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Atomic Force Microscopy (AFM)

Atomic Force Microscopy is a type of scanning probe microscopy, with demonstrated resolution on the order of fractions of a nanometer, more than 1000 times better than the optical diffraction limit. The information is gathered by "feeling" or "touching" the surface with a mechanical probe. Piezoelectric elements that facilitate tiny but accurate and precise movements on (electronic) command enable precise scanning.

 

 

In our group we employ a Park NX10 AFM equipped with different modules allowing for multimodal AFM techniques. Upon request the instrument can be booked by external users.

Multimodal AFM techniques

We employ AFM to characterize different material properties of electronic materials with nano-scale resolution. The mechanical interactions with the surface allow us to acquire the surface topography and to position the tip in specific locations. Multimodal AFM techniques then employ additional modes of interaction between the tip and the sample. Relevant for electronic materials are the electrostatic interactions or the surface conductivity that are probed in Kelvin Probe Microscopy, Piezoelectric Force Microscopy or conducting AFM. Example multimodal images aquired in our group are shown on the left. Other AFM techniques that we employ are Force Spectroscopy to quantify elastic properties and electrochemical AFM to characterize solid liquid interfaces.

AFM to characterize mechanical failure in flexible electronics 

The development of new materials and devices for flexible electronics depends crucially on the understanding of how mechanical strain affects electronic material properties at the nano-scale. We developed a novel characterization approach that allows us to perform Scanning Kelvin Probe Microscopy (SKPM) on flexible electronic devices while they are deformed. SKPM is a unique technique for nanoelectronic investigations as it combines non-invasive measurement of surface topography and surface electrical potential. The formation of defects is easily identified in SKPM due to the abrupt variation in surface potential and build-up of high electronic fields to push carriers across defect regions. The technique provides us answers that help to develop novel semiconducting materials and devices that are more resistant to elastic deformations.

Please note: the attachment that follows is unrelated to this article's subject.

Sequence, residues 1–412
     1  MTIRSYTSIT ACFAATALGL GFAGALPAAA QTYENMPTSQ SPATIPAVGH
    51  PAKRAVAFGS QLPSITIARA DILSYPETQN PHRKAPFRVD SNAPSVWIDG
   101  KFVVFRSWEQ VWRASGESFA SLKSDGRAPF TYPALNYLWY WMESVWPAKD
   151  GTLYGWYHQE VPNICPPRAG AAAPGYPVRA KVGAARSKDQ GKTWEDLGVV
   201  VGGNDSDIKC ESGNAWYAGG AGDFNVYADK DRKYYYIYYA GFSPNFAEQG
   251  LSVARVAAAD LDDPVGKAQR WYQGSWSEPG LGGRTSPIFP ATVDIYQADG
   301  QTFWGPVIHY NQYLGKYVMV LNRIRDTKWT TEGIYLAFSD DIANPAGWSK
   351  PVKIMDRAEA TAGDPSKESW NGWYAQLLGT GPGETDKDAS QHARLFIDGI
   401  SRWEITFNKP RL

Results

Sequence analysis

Recent related publications

Fazio, MARIA ANTONIETTA; Perani, Martina; Brinkmann, Nils; Terheiden, Barbara; Cavalcoli, Daniela, Transport properties of Si based nanocrystalline films investigated by c-AFM, «JOURNAL OF ALLOYS AND COMPOUNDS», 2017, 725, pp. 163 - 170 [articolo]

Cramer, Tobias; Travaglini, Lorenzo; Lai, Stefano; Patruno, Luca; De Miranda, Stefano; Bonfiglio, Annalisa; Cosseddu, Piero; Fraboni, Beatrice, Direct imaging of defect formation in strained organic flexible electronics by Scanning Kelvin Probe Microscopy, «SCIENTIFIC REPORTS», 2016, 6, pp. 1 - 9

Contact

Tobias Cramer

Viale Berti Pichat 6/2

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Daniela Cavalcoli

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Beatrice Fraboni

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